- Patient type. Another key factor is patient type. Medgate — the Swiss provider that has been active in launching and supporting partner services in a number of countries, including UAE, the Philippines and India — and Teladoc will treat any patient in need of primary care. By contrast, Physitrack, a company initially launched in the U.K. but now active globally, focuses on physiotherapy, offering more than 3,700 on-demand videos and an app that 30,000 physiotherapists use to interact with their patients. Other providers, such as CBT Clinics, a U.K. psychological assessment and treatment provider with a digital offering, provides fast access to care and comprehensive treatment solutions via video consultations.
- Business model. The ultimate customer of the telehealth company is whoever pays the bill. That can be a patient, a patient’s employer, a healthcare provider, a health insurance company or the public sector. Teladoc, for example, markets its services to employers and payers, while Physitrack’s customers are the physiotherapists who use its app to reach their patients. Medgate’s consultations are often paid for by payers, who in turn can offer incentives to their members for using telehealth. Companies like InTouch Health and Zipnosis, providers of telehealth services in the U.S., primarily sell their offerings to healthcare systems. Babylon serves both NHS patients through its “GP at hand” partnership and U.K. patients paying out of pocket. In addition to telehealth providers, technology focused vendors are supporting the adoption of video consultations by physicians. In the U.K., EMIS and TPP have complemented their GP practice management software solutions with video consultation modules. In France, Doctolib started to support video consultations in 2019.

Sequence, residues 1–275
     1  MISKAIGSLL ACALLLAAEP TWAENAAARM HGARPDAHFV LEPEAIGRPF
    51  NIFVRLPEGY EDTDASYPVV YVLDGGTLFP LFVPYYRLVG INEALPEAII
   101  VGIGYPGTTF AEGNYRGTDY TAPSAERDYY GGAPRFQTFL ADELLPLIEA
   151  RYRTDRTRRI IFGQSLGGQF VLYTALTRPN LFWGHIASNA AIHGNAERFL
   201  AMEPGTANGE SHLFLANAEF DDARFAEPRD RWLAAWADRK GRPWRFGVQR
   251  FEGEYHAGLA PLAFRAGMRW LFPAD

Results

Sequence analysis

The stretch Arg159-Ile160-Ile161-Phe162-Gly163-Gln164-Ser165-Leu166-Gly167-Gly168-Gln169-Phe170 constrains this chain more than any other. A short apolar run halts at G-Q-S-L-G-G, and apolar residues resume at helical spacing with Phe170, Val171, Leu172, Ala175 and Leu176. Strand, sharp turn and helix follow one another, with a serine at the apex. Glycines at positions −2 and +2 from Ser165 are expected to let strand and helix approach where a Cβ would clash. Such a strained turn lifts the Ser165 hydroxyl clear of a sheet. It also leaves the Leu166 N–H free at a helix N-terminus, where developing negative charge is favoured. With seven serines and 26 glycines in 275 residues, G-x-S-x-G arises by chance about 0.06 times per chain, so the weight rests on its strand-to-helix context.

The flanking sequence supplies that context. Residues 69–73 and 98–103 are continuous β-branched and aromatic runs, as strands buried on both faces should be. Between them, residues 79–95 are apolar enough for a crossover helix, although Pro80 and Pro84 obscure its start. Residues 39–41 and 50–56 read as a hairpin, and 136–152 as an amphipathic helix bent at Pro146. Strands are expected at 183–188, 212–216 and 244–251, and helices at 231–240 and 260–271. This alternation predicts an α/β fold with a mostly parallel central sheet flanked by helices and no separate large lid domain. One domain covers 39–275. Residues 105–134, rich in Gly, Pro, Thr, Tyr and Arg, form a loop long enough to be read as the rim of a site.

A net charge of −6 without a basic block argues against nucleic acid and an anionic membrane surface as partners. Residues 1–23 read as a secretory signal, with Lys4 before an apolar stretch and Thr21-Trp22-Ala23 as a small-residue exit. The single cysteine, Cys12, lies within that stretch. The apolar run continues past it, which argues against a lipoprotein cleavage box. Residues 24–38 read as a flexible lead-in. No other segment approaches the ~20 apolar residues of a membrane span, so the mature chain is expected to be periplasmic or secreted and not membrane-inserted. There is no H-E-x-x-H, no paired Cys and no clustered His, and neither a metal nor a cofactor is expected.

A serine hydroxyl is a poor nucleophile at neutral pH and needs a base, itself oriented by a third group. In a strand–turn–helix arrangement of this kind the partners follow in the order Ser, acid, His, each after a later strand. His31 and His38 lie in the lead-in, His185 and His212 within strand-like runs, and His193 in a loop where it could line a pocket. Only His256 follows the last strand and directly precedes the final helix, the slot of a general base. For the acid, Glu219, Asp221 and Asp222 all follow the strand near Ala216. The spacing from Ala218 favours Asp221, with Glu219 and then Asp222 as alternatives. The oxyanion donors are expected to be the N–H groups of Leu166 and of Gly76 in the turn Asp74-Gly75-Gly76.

- Breadth of services. Providers’ offerings can be distinguished by the services they provide and the types of customer they aim to reach. Content can range from prevention and wellness coaching, such as the self-improvement app from Happify (a U.S.-based mental health and wellbeing company), through to primary care diagnosis, prescribing and treatment, such as that provided by Teladoc and Medgate. Teladoc, through the acquisition of Best Doctors in 2017, now also provides telemedical specialist care and second opinion services (e.g., in cancer treatment). Like other telehealth providers, Babylon has expanded its range of services. In addition to its core video consultation offering, it now also offers an AI based symptom checker for triage, a digital health check service to assess users’ health status and a monitoring service to track this over time.
- The delivery model. Delivery models vary widely. Medgate is centralised with its own medical staff, while Teladoc links qualified medical practitioners with patients. Babylon Health uses apps and video consultations, while other providers, such as CBT Clinics, mix face-to-face consultations with care at a distance. Better AI algorithms are enabling fully automated players (without actual clinicians), such as Ada, to emerge.